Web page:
In a sadly typical scene from Californication's pilot, debauched wordsmith David Duchovny grabs the cell phone of a guy jibber-jabbering during a movie, angrily hurls it against a wall, and then engages in spirited fisticuffs with this offending patron of the arts. Duchovny's fellow moviegoers begin clapping in rapt appreciation, because let's face it: A brawl in the middle of a movie theater is way less distracting than a guy talking on his phone. It's the insufferable series in a nutshell: We're clearly supposed to see Duchovny as a gutsy, iconoclastic truth-teller who says and does what we'd love to, if only we had the balls; in fact, he's really just a self-absorbed prick. Actually, the scene isn't entirely representative; in order to truly convey the show's nauseating grand gestalt, Duchovny would have to pick the fight while receiving oral sex from two topless nymphets, then immediately sharing a heartwarming heart-to-heart with his adoring daughter. Californication is nine parts smug, self-congratulatory, foul-mouthed snark, and one part unearned sentimentality.
Californication casts Duchovny as a misanthropic author who drowns his frustrations in liquor and casual sex. But alas, under Duchovny's jaded exterior lies the pure heart of a family man and true romantic. While he sleeps with half of L.A.'s female population, he pines for lost love Natascha McElhone and dotes on their precocious daughter. This is supposed to humanize Duchovny; instead, it comes off as pandering. Duchovny wrestles with writer's block, yet his every quip has the overwritten feel of something that's been polished and re-written until it bears zero resemblance to plausible human communication.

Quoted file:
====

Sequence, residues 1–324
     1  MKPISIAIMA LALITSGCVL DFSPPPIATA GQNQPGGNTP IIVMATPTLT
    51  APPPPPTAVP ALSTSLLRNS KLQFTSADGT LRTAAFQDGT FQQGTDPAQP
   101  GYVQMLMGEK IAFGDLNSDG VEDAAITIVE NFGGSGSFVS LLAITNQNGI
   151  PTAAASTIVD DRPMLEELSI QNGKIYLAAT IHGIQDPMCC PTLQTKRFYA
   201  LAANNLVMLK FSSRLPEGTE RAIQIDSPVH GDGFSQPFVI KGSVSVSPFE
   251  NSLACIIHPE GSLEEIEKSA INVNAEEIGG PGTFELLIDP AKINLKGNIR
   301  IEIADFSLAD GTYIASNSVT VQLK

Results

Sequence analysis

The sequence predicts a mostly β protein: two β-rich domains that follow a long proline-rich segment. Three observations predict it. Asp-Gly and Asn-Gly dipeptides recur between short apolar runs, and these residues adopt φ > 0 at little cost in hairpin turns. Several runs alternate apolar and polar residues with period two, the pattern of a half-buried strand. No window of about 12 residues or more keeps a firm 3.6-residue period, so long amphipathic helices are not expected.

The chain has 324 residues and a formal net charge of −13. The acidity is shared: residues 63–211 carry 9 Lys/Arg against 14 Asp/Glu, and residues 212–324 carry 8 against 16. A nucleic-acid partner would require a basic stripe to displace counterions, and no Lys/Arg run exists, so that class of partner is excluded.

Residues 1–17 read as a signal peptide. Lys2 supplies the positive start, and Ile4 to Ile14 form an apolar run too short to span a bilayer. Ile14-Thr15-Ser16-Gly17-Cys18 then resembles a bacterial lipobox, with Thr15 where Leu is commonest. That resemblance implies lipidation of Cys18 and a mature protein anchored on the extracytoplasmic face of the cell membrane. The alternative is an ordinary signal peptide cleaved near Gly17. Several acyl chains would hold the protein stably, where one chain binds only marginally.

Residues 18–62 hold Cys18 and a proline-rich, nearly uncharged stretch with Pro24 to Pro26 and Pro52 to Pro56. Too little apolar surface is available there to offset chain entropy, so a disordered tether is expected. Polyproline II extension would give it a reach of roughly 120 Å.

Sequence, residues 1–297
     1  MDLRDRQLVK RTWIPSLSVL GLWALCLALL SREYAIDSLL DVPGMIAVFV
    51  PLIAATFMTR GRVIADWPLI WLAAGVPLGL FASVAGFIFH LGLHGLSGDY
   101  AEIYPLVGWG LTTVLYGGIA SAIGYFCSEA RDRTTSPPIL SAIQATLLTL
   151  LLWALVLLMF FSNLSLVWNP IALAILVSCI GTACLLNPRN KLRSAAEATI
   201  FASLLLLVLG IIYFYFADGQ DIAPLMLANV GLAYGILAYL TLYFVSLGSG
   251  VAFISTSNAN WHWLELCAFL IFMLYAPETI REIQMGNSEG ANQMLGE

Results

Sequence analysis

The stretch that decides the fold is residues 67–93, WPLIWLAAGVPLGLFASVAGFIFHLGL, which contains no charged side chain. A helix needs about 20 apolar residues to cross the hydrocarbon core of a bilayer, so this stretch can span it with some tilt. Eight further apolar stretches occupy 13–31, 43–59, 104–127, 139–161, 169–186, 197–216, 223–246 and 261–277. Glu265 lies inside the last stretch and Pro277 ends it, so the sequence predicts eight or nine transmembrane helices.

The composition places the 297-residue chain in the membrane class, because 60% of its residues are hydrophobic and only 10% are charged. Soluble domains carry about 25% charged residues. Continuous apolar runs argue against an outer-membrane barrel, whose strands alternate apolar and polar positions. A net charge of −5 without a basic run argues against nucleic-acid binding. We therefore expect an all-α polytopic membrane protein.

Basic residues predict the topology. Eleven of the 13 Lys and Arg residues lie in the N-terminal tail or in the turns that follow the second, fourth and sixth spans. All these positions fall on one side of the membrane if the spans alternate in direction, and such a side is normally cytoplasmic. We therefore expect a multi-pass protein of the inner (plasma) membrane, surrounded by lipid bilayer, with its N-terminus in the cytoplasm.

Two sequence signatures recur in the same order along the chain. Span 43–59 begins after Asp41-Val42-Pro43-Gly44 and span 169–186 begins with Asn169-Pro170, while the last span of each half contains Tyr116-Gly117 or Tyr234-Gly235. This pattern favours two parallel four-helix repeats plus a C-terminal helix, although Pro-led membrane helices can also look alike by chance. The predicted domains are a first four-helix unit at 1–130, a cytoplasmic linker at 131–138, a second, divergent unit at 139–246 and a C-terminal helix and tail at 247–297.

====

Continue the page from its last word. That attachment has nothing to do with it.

How could the process of writing possibly compare to Duchovny's lifestyle of constant sex and basking in fan adoration? What of said literary genius? Californication shows precious little of Duchovny's actual writing, but it does include zingers from his blog like, "I probably won't go down in history, but I will go down on your sister." For that extra burst of self-infatuation, it even has Duchovny giggling uproariously at his own line. In the pilot, McElhone accuses Duchovny of being a walking cliché. It's the only line in the series that rings true.
Key features: The slim features package includes cast and crew biographies and a photo gallery.